There would now be a flutter in the Indian camp. Australia and the West Indies would not be easy to get past by in the pool. It could also be the challenge they need to come out of their slumber and get themselves moving for the big World Cup in six months time.
You just cannot help but look ahead given the way the West Indies came to the party yesterday. When the Big Boy fires, it sparks a revival in the ranks. Brian Lara led Renuko Morton by hand, his innings was an affirmation that in conditions such as this batting in the lower middle order is the best place for him.
It was a smart batting ploy by the captain who did not fall for the lure of a batting position where he could get the maximum runs being the best player in the side, instead choosing to be a glue in the middle where collective collapses have been routine in recent times. He chose team over the self, maybe having Clive Lloyd as one of the backroom boys has helped.
No less impressive was Adam Gilchrist who showed a break of seven months did no harm to his spirit or form. When he plays in such a fashion, eschewing belligerence and buckling down to innings management; Australia are doubly dangerous. He was a Tiger Woods using the wood sparingly. I hope the example is not lost on younger wicketkeepers of world cricket, like our own Mahendra Singh Dhoni.
Another champion did not go unnoticed but it was for different reasons. Glenn McGrath has rarely been driven over his head or extra cover, much less hoisted over the tent by a number eight batsman in the line-up.
But the 'Pigeon' is just about returning to field after a long absence and the engine is sure to purr back to life soon. Well as Nathan Bracken bowled, Australia would still be better served when McGrath and Brett Lee share the new ball, especially on a surface which are harder as in Mohali. There is all the more reason to give him the brand new cherry now that the pace is slipping.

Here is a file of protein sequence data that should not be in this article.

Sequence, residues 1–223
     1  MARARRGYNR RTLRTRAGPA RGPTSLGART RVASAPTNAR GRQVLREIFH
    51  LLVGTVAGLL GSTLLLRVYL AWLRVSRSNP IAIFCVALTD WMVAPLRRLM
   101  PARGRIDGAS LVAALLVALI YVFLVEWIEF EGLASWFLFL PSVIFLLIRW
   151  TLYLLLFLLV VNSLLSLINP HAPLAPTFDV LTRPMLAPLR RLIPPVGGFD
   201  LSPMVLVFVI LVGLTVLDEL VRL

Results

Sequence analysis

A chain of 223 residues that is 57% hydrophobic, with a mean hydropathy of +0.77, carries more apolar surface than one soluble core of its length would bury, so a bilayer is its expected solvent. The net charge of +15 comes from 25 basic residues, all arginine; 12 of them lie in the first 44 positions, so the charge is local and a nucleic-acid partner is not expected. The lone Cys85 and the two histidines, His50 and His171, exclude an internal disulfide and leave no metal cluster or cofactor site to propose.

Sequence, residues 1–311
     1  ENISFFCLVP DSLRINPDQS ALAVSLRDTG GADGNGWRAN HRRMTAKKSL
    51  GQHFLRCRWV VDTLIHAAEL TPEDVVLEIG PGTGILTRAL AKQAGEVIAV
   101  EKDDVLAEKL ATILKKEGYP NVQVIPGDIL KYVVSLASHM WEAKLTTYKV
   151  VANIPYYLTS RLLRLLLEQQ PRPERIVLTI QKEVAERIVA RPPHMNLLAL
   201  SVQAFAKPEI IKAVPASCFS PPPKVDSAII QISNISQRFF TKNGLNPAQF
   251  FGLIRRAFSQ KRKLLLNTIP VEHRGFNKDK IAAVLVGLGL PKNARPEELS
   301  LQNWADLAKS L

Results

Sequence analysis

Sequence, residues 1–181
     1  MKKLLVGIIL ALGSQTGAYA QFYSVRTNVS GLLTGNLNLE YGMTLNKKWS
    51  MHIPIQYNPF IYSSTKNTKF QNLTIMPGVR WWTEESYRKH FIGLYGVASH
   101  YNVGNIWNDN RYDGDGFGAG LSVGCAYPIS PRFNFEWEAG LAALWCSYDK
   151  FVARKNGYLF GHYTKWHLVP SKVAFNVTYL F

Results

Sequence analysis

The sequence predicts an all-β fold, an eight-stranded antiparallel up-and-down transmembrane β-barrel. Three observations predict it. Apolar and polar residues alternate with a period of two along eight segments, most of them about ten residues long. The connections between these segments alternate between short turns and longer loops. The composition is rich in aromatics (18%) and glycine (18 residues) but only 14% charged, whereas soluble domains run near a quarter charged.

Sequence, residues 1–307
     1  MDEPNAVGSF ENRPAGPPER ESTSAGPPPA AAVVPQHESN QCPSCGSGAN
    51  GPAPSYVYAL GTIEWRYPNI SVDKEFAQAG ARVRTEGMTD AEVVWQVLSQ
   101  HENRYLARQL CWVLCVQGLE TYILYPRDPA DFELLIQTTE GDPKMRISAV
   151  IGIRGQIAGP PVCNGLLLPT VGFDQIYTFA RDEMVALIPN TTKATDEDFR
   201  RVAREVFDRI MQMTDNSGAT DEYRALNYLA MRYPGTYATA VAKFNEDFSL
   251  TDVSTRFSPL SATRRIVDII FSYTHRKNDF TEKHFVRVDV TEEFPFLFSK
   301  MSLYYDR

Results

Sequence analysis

Better younger players are coming through the ranks for the West Indies which accounts for their recent turnaround.
Dwayne Bravo, that-tricky man Jerome Taylor and the two offies in the bowling pack, Chris Gayle and Marlon Samuels, all of them played critical hand. More and more it is apparent that it would be folly to treat them as a one-pony bowling attack in Ian Bradshaw. The cameos of the others is no less significant.
Australia would be under pressure since their experiment with Shane Watson at the top of the order is not clicking. Ricky Ponting and Andrew Symonds need to do some damage with Michael Hussey up the order. Even, given the vagaries of pitches in Malaysia and India, their relative low scores is unsettling. They have not been able to defend a 434, scores of over 300 have been few and far in between and eight losses have accrued from their 24 games this year.
Put simply, they have lost every third game they have played. Cracks are beginning to show and more and more teams want to find out if the tag of 'unbeatables' is for real. Even though, all would still accept them as favourites.
The Champions Trophy is far from over and it is hazardous to form a report card on teams keeping the World Cup in mind. But the West Indies remains the most improved lot, Australia somewhat wobbly at the top and Sri Lanka and Pakistan two sharp raiders, who could never be discounted.
India need to come out of slumber for they have the team to go the distance.
Finally, it was fascinating to see the Jamaican Chris Gayle wired up against the Aussies. The message was loud and clear. "We kome to play maaan. Kool breeze you know."